Congress established the National Labor Relations Board (NLRB or the Board) to enforce the National Labor Relations Act (NLRA or the Act) and ensure fair labor practices in workplaces across the United States. The NLRA protects employees from discipline while engaging in union activity. Under the NLRA, employers and unions must collectively bargain in good faith. Either party may only walk away from the table when another party’s conduct makes good faith bargaining impossible. However, the NLRB’s determination of what conduct constitutes bad faith bargaining and protected union speech is inconsistent with federal anti- discrimination laws. This discrepancy means employers cannot take affirmative steps to prevent hostile work environments. This Comment proposes a new approach: the NLRB should harmonize its decisions delineating speech protected under the NLRA versus speech that may create a hostile work environment and thus subject the employer to further liability under federal anti-discrimination laws. Union speech or conduct that rises to the level of harassment under Title VII of the Civil Rights Act of 1964 (Title VII) should be considered outside the scope of the NLRA’s protections, even if it does not reach the current standard for bad faith bargaining or unprotected speech. This Comment argues that such harmonization should apply irrespective of whether the offensive conduct comes from an employee or nonemployee union member.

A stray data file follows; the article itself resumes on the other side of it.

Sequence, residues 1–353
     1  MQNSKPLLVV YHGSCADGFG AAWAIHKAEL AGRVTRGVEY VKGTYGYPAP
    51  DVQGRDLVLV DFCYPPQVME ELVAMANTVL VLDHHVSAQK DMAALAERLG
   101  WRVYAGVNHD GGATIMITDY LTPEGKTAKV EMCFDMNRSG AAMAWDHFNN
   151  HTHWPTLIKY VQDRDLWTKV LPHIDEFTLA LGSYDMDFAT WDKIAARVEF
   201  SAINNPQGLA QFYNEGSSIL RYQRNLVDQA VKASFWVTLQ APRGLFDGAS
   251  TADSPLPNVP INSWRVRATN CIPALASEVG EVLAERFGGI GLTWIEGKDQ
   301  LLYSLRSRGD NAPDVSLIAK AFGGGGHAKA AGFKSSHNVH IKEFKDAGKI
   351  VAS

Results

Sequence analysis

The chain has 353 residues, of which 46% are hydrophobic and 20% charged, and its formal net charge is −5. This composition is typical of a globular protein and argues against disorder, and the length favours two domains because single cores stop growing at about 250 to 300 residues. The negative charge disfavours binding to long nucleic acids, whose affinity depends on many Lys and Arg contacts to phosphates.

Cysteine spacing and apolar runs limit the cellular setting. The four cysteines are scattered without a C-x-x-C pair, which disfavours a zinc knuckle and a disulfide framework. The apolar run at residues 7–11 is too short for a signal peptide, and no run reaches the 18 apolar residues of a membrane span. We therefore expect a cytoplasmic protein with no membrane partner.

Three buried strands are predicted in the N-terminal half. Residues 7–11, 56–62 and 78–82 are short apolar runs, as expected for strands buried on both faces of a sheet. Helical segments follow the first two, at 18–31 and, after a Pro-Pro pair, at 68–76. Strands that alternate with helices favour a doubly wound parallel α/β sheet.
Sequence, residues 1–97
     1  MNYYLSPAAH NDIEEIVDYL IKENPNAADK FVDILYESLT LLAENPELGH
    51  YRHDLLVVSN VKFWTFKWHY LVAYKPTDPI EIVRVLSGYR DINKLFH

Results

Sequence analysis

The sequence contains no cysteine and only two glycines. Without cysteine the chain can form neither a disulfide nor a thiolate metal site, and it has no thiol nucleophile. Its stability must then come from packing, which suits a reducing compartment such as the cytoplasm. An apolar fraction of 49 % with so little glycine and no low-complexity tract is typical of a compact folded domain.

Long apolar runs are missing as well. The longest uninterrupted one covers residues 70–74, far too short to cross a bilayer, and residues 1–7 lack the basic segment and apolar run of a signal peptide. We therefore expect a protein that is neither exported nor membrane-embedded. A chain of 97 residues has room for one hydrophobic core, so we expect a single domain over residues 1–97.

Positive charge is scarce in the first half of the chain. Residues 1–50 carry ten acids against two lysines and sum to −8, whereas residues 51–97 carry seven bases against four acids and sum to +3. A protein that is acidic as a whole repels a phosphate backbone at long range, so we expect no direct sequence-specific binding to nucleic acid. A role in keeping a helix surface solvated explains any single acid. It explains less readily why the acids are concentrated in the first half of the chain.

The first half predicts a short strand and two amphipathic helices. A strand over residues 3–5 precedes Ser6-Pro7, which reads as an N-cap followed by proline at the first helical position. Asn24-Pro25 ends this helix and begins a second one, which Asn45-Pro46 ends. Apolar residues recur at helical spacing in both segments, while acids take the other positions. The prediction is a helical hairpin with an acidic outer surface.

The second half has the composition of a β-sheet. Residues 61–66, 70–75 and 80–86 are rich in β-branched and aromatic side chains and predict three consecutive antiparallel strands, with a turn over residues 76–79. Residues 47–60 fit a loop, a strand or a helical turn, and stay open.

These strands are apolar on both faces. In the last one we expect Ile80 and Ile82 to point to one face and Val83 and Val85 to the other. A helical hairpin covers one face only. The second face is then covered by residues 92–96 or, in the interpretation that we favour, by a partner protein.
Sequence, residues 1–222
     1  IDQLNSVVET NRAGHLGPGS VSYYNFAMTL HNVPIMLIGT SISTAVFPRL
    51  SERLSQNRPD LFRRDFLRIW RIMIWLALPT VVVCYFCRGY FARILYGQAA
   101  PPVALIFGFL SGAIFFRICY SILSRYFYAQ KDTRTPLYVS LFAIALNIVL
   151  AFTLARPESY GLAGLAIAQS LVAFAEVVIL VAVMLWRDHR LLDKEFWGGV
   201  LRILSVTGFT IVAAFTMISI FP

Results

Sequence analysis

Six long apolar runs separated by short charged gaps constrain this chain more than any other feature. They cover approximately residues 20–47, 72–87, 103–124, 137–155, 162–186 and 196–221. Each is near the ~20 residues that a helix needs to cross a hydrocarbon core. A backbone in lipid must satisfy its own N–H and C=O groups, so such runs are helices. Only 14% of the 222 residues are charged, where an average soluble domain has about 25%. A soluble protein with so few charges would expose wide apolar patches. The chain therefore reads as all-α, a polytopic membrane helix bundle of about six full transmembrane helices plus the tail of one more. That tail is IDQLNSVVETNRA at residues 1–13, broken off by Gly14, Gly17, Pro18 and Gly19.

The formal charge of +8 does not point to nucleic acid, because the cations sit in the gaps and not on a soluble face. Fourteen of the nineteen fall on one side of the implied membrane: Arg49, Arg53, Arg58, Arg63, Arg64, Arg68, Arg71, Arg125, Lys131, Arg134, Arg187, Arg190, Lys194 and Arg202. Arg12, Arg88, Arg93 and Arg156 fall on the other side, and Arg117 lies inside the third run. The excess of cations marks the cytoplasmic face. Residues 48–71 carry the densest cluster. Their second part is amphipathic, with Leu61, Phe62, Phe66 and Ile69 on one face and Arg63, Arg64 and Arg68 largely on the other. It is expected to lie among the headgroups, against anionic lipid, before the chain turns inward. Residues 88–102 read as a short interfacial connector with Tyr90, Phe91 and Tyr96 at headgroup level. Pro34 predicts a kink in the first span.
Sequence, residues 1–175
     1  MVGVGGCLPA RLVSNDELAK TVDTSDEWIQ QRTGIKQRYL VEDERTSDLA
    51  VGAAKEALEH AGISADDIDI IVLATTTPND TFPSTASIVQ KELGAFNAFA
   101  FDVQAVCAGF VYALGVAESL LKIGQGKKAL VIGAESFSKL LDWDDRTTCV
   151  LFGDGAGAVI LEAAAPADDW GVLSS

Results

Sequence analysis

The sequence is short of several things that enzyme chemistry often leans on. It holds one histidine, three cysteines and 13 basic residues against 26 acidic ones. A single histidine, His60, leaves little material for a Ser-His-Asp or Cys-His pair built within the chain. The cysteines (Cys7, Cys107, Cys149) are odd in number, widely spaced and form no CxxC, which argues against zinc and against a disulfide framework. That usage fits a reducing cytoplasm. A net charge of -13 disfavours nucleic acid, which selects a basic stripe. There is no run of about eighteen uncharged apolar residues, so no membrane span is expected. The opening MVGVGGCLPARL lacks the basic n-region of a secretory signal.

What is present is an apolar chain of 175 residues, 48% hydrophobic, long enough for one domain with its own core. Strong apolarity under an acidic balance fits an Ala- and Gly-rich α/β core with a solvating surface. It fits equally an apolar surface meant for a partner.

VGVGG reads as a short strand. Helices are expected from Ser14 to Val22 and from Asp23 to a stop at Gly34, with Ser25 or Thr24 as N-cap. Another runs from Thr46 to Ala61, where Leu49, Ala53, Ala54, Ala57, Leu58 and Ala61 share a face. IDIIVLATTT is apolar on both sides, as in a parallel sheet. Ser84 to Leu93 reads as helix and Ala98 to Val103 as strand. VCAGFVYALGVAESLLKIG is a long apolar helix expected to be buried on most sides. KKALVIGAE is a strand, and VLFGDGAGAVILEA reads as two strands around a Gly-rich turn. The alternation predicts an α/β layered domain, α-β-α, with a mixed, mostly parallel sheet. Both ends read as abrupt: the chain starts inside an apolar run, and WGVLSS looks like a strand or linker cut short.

License to Offend: How the NLRA Shields Perpetrators of Discrimination in the Workplace,
95 Wash. L. Rev.
Available at: https://digitalcommons.law.uw.edu/wlr/vol95/iss3/9